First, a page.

Wednesday, March 12, 2014

Special Interest: Education panels @ Split This Rock 2014

To help you plan your festival schedule, we broke down panels, workshops, and group readings by special interest. Check out those dealing with Education below!


    Thursday 3/27:

11:30am-1pm – Charles Sumner School, Rm 101
Using Art and Poetry Created by Children and Teens in Wartime to Bring Activism for Peace into the Classroom
Merna Ann Hecht

Using examples of children’s visual art and poetry from the Spanish Civil War, Gaza, Vietnam and the former Yugoslavia, this workshop will demonstrate how this artwork is essential to effective social justice education. Poetry created by recently arrived teenage refugees from Somalia, Iraq, Afghanistan, Burma, and Nepal will also be introduced to further the discussion about the urgency of integrating the devastating effects of war and the possibilities for creating peace into public school curricula. Participants will write persona poems in order to experience the ways high school and college students can understand war through direct interaction with artistic expressions about the trauma of violent conflict and forced migrations. Handouts include writing prompts, poetry examples, and an extensive bibliography of children’s and young adult literature, poetry, and visual art related to war and peace.

11:30am-1pm – Human Rights Campaign, Rm 105A
Engaging Youth with Slam & Spoken Word Poetry
Jonathan B. Tucker, Pages Matam, Elizabeth Acevedo

As performance poetry and slam competition grow in popularity, many organizations are using the energetic and entertaining format of slam to engage, inspire, and motivate young students. In this interactive workshop, Split This Rock’s award-winning youth workers will discuss the benefits and challenges of slam poetry programs and facilitate dialogue among participants about best practices and how to reach and motivate more students using poetry.

4-5:30pm – Human Rights Campaign, Rm 105C
Talking Back to the World: Using Poetry and Performance to Speak Out Against Injustice
Renée Watson, Nanya-Akuki Goodrich, Ellen Hagan

In response to newspaper headlines, quotes, and statistics, participants will create a collaborative poem and performance. We will explore how poets have responded to injustice through their writing and will discuss how poetry can give voice to the silenced. Hands-on writing and performance activities will give participants tools to use in the classroom for motivating students to write poetry. How can using performance poetry in the classroom encourage students to explore social issues and use their artistic voice for action?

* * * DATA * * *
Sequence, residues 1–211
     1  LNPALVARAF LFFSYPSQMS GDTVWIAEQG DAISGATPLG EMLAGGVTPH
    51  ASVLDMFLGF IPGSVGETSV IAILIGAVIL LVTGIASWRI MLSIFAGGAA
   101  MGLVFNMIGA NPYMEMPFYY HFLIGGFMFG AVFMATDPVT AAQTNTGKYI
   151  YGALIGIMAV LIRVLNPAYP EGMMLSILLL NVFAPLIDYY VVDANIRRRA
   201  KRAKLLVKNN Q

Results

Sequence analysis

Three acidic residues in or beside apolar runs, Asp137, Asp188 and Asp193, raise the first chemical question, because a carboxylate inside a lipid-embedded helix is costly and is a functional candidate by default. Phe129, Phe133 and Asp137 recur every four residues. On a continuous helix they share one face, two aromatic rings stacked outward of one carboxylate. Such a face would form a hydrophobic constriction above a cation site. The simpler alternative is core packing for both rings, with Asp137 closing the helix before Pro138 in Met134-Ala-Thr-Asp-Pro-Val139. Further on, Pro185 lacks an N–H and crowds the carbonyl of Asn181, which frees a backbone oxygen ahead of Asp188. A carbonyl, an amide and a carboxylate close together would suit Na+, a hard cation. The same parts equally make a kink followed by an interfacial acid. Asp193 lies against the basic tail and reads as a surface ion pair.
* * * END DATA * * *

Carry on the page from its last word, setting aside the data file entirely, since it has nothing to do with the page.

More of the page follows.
Friday 3/28:

4-5:30pm – Human Rights Campaign, Rm 105A
This Assignment Is So Gay: LGBTQ Poets on the Art of Teaching - A Group Reading
Rebecca Lynne Fullan, D. Gilson, Gordon Lang, Kenneth Pobo, Joseph Ross, Yermiyahu Ahron Taub, Daniel Nathan Terry

The classroom remains an essential, and often neglected, front in the struggle against homophobia. Bullying and bashing are widely prevalent in schools and, all too often, result in emotional and physical trauma, and even suicide. This Assignment Is So Gay: LGBTIQ Poets on the Art of Teaching (Megan Volpert, editor; Sibling Rivalry Press, 2013) is a groundbreaking anthology of poems by seventy-five queer poet-teachers from around the world that will serve as a pedagogical tool in the movement to help LGBTIQ youth in crisis. Contributors will read selections from the anthology and discuss their own LGBTIQ educational work.

    Saturday 3/29:

9:30-11am -  Human Rights Campaign, Rm 105C
Making it Work: Creating & Sustaining Poetry Development Programs
Kadija George Sesay, Dorothea Smartt

The workshop will incorporate a short reading from facilitators’ own work, highlighting Black British poets whose voices thunder against the mainstream British poetry establishment to proclaim and define a marginalised and often unacknowledged experience of British society and the diasporic heritage of many of its citizens. Participants will bring their project ideas for discussion and issues for problem-solving. Participants will be asked to be actively involved, listening to each other and sharing ideas, experiences, and resources. This workshop will offer an opportunity to network locally, nationally, and internationally. Participants will be encouraged and enabled to support each other and problem-solve after the workshop.

11:30am-1pm -  Human Rights Campaign, Rm 105B
March to Equality: How Poetry Can Connect Youth to History
Kelly Di Giacinto, Neosha Hampton, Ryan Hurley, Maria Peeples, Margaret Rozga

Poets and activists will present the March to Equality gallery exhibit, a project that utilizes student-written poetry to bring Milwaukee’s rich Civil Rights history to life— developing a social justice curriculum that bridges disciplines, teaches 21st century research skills, builds community, and ignites a passion for change beyond the project’s original goals. The project chronicles the Milwaukee Fair Housing struggle of the 1960’s, focusing on the role of poetry in giving contemporary meaning and context to a struggle that happened decades ago. In the last half hour of the presentation, the audience will be invited to engage in a powerful dialogue on how the written and spoken word, imbued with local history, can awaken the next generation of change-makers.

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